GE/jasco Smart Dimmer 3 way mid run installation wiring?


(Erin) #1

I have the Smart dimmer 12724 and add on switch 12723, the application is a three way with the light mid run.My gut says that the wires at the end of the line should be wired to the add on switch as they are currently with the addition of the neutral. But i would like to know if anyone else has installed the switch in a similar situation.


GE Zwave add on wiring question
(Scott Minchak) #2

https://www.homeimprovementweb.com/information/how-to/three-way-switch-option1.htm

I believe even with smart switches, this is the correct way by electrical code to wire 3-way switches together.


#3

There are least eight different ways to wire three way switches that will meet US codes. Just depends on the details.

However not all of them will work for SmartSwitches. The diagram linked to in post 2 will not work with most SmartSwitches because there is no neutral to the switch.

See the wiring FAQ:


(Erin) #4

No smart switches are unique in that even the remote switch requires a neutral, specifically the GE switches add on or remote requires a ground, traveler and a neutral nothing more in a typical installation. I have a non-typical installation where the three-way remote switch is at the end of the line and the light is mid run between the switches. I was hoping for only responses from people who can read the original post and offer input that is correct.


#5

There’s an issue with the Z wave GE switches in particular, because they require that both the master and the aux be on the same neutral, and to be honest I’m just not sure how that works when the light is Midway.

@Navat604 is a lot better at wiring than I am, he might know.

If it’s not easy, another option would be to choose a different brand where the aux is just an RF remote and doesn’t need a traveler wire. It does have to have power, although there are also some that are battery-powered like the Cooper. But basically the aux talks to the hub and the hub talks to the master. Just another possibility.

But again, I was a network engineer, not an electrician. So there may be other people who have much better ideas about the original set up.


(Ray) #6

As mentioned by @JDRoberts . There are many ways to look up a 3 ways. If you go here and look at the wiring. GE will work with option 3 or 4. If you have option 7 or 8. Then an Aeon micro, Linear switches or relay will work. The tricky part is figuring out what you have.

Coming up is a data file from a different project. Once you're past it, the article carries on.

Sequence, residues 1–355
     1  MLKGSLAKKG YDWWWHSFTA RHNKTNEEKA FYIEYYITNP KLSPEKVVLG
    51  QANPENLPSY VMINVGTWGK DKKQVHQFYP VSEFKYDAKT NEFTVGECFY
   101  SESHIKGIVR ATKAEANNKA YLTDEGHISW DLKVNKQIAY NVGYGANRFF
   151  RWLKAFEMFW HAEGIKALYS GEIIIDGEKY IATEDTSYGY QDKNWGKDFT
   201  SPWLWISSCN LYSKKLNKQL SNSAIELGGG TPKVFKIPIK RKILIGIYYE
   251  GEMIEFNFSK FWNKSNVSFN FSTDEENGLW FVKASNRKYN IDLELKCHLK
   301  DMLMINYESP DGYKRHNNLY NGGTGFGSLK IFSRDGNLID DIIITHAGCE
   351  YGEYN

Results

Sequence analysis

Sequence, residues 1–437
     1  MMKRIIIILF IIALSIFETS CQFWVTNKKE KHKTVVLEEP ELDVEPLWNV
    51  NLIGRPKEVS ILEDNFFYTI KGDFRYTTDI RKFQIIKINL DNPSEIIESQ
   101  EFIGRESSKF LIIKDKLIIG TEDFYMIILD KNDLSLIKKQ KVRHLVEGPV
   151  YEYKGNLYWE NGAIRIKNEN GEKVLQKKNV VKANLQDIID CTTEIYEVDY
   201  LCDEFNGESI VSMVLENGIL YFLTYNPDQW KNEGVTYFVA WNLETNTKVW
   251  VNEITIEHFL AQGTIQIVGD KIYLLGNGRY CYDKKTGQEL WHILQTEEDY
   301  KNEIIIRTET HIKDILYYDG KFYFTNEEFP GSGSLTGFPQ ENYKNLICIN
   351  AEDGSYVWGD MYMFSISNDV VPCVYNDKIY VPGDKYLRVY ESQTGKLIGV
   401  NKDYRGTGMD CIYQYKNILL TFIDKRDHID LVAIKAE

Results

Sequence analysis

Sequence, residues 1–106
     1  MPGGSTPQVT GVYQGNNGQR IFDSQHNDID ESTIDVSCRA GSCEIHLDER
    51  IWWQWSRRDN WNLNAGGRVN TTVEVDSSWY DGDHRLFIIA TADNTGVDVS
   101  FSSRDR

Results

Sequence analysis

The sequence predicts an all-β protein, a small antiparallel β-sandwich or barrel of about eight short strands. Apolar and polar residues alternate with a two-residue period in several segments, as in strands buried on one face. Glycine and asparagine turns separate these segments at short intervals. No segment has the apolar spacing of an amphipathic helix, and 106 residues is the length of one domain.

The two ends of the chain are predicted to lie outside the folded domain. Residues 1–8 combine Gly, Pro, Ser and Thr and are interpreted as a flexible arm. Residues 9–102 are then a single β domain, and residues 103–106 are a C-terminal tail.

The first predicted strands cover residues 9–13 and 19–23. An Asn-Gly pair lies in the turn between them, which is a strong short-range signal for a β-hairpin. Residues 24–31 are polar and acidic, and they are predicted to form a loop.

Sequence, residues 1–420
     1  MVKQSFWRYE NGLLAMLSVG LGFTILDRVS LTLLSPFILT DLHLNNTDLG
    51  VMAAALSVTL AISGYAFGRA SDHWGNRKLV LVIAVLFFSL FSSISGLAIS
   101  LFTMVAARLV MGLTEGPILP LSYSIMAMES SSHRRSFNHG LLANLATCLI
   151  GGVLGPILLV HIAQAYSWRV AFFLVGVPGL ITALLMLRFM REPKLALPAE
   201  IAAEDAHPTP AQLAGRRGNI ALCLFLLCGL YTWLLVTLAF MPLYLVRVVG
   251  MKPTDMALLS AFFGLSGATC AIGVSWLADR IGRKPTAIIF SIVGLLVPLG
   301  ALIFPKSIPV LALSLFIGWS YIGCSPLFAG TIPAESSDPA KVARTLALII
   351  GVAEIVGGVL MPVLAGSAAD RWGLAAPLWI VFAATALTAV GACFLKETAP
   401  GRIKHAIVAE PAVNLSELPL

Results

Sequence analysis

(Matt Hartig) #7

Based on your original post, it sounds like your light/switches are connected like option #3 in the link that @Navat604 posted. If you look closely you’ll notice that the two traveler wires between switch #1 and switch #2 merely pass through the light junction box and the light is connected to the ungrounded (neutral) run. This configuration meets the requirements laid out in NEC 404.2.

As stated by previous posters, the GE switches will work with options #3 and #4, but will require some rewiring inside of the three boxes, with the biggest change coming from only needing two conductors (plus a ground) going to switch #2.


(Erin) #8

I have the option 3 layout, the end run is where I’m confused I’m not sure how to wire the add on switch. I believe the main switch can be wired per the manual but still what to do at the end.


(Ray) #9

Here is what to do. The red wire will be your traveler. So no need to do any mod to it. Just hook up traveler at both switch.
The black wire from you aux (add on switch) to the light fixture cap off both end. You no longer need this wire.
The white wire from aux to light fixture will be your neutral. Remove the black wire from it at the light fixture and hook it with the white from the light bulb and master switch white.
The black wire from the light bulb. The one you remove from the last step will be your load. connect it to the black wire from the master switch. This black wire is now your load at the master switch.

Hopefully this will help. I can mod the picture later when I get on my desktop if it’s not clear.


(Matt Hartig) #10

See the attached sketch on how you can hook up your switch. Notice that you will only require two of the three conductors going between the light and the add-on switch.

Also note that I did not include the grounds, but those shouldn’t change…

Best of luck.


(Erin) #11

Thanks to everyone for your help, I truly appreciate it.

Thanks Erin


(Ringer) #12

Has anyone confirmed that Ray’s explanation or Matt’s diagram works properly?


(Ringer) #13

Just so everyone knows, I tried the diagram Matt drew up today and everything works great! Thanks Matt!